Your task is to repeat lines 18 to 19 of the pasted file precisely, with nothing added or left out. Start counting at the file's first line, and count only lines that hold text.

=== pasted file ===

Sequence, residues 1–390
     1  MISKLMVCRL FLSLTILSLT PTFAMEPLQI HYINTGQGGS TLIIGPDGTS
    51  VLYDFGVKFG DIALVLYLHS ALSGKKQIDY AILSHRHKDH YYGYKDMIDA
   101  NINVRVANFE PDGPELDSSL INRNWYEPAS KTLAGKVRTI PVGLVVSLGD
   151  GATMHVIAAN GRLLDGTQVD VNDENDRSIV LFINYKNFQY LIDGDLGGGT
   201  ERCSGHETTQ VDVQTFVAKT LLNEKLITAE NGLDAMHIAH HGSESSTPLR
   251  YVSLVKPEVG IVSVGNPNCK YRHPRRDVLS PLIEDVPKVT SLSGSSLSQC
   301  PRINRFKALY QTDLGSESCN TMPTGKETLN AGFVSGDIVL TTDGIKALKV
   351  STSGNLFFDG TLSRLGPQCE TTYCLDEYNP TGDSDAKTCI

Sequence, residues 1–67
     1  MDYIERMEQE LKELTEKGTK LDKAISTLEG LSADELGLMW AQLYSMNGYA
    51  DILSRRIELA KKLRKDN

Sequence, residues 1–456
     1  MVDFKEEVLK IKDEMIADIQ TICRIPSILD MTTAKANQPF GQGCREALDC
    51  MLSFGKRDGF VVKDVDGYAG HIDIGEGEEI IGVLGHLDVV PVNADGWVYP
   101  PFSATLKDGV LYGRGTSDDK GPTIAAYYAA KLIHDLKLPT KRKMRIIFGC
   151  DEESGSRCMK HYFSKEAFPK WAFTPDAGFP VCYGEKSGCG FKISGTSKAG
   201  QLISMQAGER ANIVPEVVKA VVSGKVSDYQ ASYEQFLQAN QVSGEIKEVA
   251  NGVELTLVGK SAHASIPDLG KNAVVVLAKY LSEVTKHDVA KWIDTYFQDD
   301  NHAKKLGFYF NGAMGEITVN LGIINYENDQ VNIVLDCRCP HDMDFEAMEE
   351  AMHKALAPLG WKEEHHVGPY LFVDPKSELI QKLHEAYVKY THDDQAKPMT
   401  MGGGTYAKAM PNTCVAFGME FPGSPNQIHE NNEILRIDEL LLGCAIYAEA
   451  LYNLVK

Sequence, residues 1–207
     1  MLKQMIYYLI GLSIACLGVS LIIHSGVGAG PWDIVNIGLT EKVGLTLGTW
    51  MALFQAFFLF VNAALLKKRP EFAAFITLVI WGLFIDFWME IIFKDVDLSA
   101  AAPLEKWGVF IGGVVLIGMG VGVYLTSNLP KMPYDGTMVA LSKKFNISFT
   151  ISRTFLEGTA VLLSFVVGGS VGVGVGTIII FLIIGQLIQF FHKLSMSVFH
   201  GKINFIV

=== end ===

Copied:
   201  QLISMQAGER ANIVPEVVKA VVSGKVSDYQ ASYEQFLQAN QVSGEIKEVA
   251  NGVELTLVGK SAHASIPDLG KNAVVVLAKY LSEVTKHDVA KWIDTYFQDD